Academic journal article The Journal of East Asian Affairs

The Fragile Foundations of the 'Asian Century'

Academic journal article The Journal of East Asian Affairs

The Fragile Foundations of the 'Asian Century'

Article excerpt


It is widely accepted that we are now entering the second decade of what will become known as the 'Asian Century'. This argument is based on the argument that economic power is shifting from West to East, and such economic shifts will invariably have strategic and military implications. In short, the economic rise of East Asia, and relative economic decline of North America and Europe will fundamentally reorganise the distribution of power in the world.

The evidence that we are well into an Asian Century appears compelling. In 1960, and using World Bank figures, East Asia accounted for a mere 14 percent of global GDP , rising to about 27 percent currently. If linear trends continue, the region could account for about 36 percent of global GDP by 2030 and over half of all global output by the middle of the century. As if symbolic of a handover of economic pre-eminence, China which only accounted for about 5 percent of global GDP in 1960 will likely surpass the United States as the largest economy in the world over the next decade.

The link between rising economic wealth and increased military spending also seems compelling. According to figures produced by the Stockholm International Peace Research Institute or SIPRI , East Asia accounted for 6.4 percent of global military expenditure in 1988, rising to 13.2 percent in 1998, and 19.5 percent in 2014. (SIPRI 2015) If past record is an indicator of future performance, then the 'Asian Century' prediction is close to a sure thing.

In reality, the arrival of the Asian Century is no sure thing. More than this, there are significant headwinds or obstacles which may prove difficult for many Asian countries in the region to overcome. These range from the declining effectiveness of an export-dependent growth model, developments in manufacturing technologies that will dilute the region's existing advantages, and the problems and cost of aging demographics which will be challenging for many countries to manage.

This means that while it might still be prudent for governments to prepare for the challenges and complexities associated with an 'Asian Century' such as increased military spending and competition normally associated with rising economies, serious thought should also be given to the possibility of problems associated with large and populous countries with struggling economies and unstable political-economies and societies.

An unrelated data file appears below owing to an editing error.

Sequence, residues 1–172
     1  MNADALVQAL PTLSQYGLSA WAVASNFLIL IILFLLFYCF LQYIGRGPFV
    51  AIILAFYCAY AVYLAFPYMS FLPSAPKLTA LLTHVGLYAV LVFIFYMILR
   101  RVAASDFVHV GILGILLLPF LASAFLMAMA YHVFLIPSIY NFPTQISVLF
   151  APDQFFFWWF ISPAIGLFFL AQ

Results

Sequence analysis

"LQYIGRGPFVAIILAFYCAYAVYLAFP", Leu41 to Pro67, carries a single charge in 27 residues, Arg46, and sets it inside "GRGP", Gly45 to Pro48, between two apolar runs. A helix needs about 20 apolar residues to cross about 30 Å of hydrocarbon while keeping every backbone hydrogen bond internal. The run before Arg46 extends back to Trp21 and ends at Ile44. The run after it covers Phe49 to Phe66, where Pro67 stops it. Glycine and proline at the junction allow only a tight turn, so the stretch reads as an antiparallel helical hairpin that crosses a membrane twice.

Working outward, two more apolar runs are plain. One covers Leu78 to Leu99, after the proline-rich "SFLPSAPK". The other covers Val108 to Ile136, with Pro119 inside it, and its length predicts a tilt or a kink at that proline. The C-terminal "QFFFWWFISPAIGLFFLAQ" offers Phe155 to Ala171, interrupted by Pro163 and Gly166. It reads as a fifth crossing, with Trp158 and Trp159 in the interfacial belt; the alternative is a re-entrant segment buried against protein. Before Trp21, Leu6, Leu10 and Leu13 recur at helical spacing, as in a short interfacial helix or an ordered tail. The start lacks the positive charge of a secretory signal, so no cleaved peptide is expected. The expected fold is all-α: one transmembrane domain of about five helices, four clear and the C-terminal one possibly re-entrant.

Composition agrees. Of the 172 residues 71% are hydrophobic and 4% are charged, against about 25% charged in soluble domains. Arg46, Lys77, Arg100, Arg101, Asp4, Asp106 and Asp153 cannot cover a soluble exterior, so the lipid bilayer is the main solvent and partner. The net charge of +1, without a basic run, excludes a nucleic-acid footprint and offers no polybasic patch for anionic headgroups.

Rapidly developing East Asian economies since after the Second World War - Japan, South Korea, Taiwan, Singapore, Malaysia, Thailand, and most recently China - have all relied upon a remarkably similar export-manufacturing model. While there are differences as to the level of state involvement and intervention in these countries during their stage of rapid economic development, their developing models all essentially involve producing exported products for advanced economy consumers cheaper, faster and more reliably than can be done in other countries or regions. Those predicting the 'Asian Century' assume that what worked in the past and present will continue to work for populous countries such as China, Indonesia, Vietnam and Burma -still low- to middle-income economies seeking to replicate what fully industrialized neighbours have achieved.

At the heart of this so-called East Asian model of rapid economic development and industrialization is the emphasis on developing a strong export-manufacturing domestic sector that is bolted onto a highly protected domestic consumption market. In addition to the natural advantage of being able to offer a cheap and plentiful supply of low cost labour, state interventionist policies were implemented to attract foreign firms and capital into the export-manufacturing sectors. These include tax concessions and subsidies given to domestic and foreign firms to locate manufacturing plants in various East Asian countries. Export-enhancing policies also include East Asian currency regimes that artificially suppress the value of the domestic currency from rising against Western currencies, making the cost of capital entering into these East Asian countries and buying products made in these countries cheaper for Western firms and consumers respectively. …

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